Wildlife filmmaker Chris Palmer shows that animals are often set up to succeed

By Daniel de Vise
Washington Post Staff Writer
Wednesday, September 22, 2010; C01

Not long after Chris Palmer broke into environmental filmmaking in the early 1980s, he brought home a newly completed film to show his wife, Gail.

She loved it -- especially the close-up of the grizzly bear splashing in a stream. She asked Palmer how the crew had captured the sound of water dripping from the bear's paws. He confessed: The sound guy had miked up a water basin and recorded splashing sounds made by his own hands.

She turned to him and said, "You're a big fake."

Three decades later, Palmer hasn't quite recovered. And, at 63, he has written a confessional for an entire industry. "Shooting in the Wild," published this year by Sierra Club Books, exposes the unpleasant secrets of environmental filmmaking: manufactured sounds, staged fights, wild animals that aren't quite wild filmed in nature that isn't entirely natural.

Nature documentaries "carry the promise of authenticity," Palmer said, speaking on a morning stroll through the manufactured wilderness of the National Zoo. Nature filmmakers profess to present animal life as it is lived, untouched by mankind. Yet human fingerprints are everywhere.

Palmer's book underscores the fundamental challenge of wildlife filmmaking: Nature is frequently boring. Wild animals prefer not to be seen.

"If you sit in the wild and watch wildlife, nothing happens for a very long time," said Maggie Burnette Stogner, an environmental filmmaker who works with Palmer on the American University faculty. "That's mostly what happens in wildlife."

Nature footage is hard-earned. A crew might spend six weeks in discomfort and tedium for a few moments of dramatic cinema. Certain shots -- animal births, or predators seizing prey -- are difficult to capture by chance. So some filmmakers set them up.

The lemmings that plunge to their deaths in the 1958 Disney documentary "White Wilderness" were hurled ingloriously to their doom by members of the crew, as a Canadian documentary revealed. Palmer writes that Marlin Perkins, host of television's "Wild Kingdom," was known to bait animals into combat and to film captive beasts deposited into the wild, and that the avian stars of the 2001 film "Winged Migration" were trained to fly around cameras.

Palmer asserts that manipulation pervades his field. Game farms, he writes, have built a cottage industry around supplying nature programs with exotic animals. Much of the sound in wildlife films is manufactured in the studio. Interactions between predator and prey are routinely staged.

"And if you see a bear feeding on a deer carcass in a film," Palmer writes, "it is almost certainly a tame bear searching for hidden jellybeans in the entrails of the deer's stomach."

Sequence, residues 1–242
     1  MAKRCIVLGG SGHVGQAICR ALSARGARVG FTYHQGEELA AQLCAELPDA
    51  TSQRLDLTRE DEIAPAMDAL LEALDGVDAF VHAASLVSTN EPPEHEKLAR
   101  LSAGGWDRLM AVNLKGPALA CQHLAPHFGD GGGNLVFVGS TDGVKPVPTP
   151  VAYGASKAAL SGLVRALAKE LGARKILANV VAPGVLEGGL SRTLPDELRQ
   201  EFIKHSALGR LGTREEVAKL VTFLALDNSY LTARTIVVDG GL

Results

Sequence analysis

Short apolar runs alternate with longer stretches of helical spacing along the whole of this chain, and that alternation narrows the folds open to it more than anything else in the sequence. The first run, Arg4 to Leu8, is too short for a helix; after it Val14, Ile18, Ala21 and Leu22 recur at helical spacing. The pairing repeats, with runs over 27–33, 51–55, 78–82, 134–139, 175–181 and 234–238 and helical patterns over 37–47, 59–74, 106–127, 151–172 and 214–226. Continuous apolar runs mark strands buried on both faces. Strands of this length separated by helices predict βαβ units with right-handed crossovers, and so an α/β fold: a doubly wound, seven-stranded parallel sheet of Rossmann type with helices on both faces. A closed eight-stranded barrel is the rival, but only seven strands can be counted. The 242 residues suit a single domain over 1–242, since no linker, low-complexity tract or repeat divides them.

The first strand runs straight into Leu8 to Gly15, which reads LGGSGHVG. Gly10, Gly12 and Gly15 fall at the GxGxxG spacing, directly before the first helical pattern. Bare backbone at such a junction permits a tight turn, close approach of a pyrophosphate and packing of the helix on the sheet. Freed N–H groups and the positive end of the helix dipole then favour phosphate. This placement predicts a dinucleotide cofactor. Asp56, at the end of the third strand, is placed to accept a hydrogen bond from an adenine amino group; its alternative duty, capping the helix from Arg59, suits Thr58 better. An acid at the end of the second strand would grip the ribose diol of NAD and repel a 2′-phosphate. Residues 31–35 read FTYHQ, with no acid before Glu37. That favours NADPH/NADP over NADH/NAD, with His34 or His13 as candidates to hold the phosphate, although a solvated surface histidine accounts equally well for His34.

Even David Attenborough, the dean of British environmental filmmaking, admitted arranging for scorpions to mate in a studio, "with a painted sunset and Styrofoam clouds" as a backdrop, Palmer writes.

Palmer says he believes he is the first industry insider to pen a tell-all book. Diplomatic and meticulously fair, he has won praise from across the environmental filmmaking industry.

But not unanimous praise. Erik Nelson, a prolific environmental filmmaker in Los Angeles, finds "a sort of sanctimonious smugness to his book that sets my teeth on edge."

Nelson is a glancing target in Palmer's book; the author portrays Nelson's eight-part television series "The Grizzly Man Diaries" as "sensational" and lambastes the animal-attack genre that Nelson helped to create. Nelson, in turn, asserts that Palmer has seldom actually shot a nature film -- most of Palmer's credits have come in the comparatively detached role of executive producer. He terms Palmer's ethics crusade "a giant nothingburger of an issue." (Palmer says he has been "deeply involved" in all of his films.)

And there has been other pushback. This fall, one cable channel executive rebuffed an invitation to speak to Palmer's AU filmmaking class because of the fallout.

"Chris is taking a pretty bold step in doing this," said Tom Campbell, a fellow filmmaker based in Santa Barbara, Calif. "Nobody really wants to speak out too much. If I say something bad about Discovery or Geographic, nobody's going to hire me again."

* * *

Palmer said he wanted to bare the industry's secrets at a time when filmmakers and programmers face mounting pressure to deliver footage quickly and cheaply.

The proliferation of cable channels has spawned more environmental programming, good and bad, than ever. Nature programmers, battling hundreds of niche cable competitors for viewers, want wilder wildlife on shorter deadlines.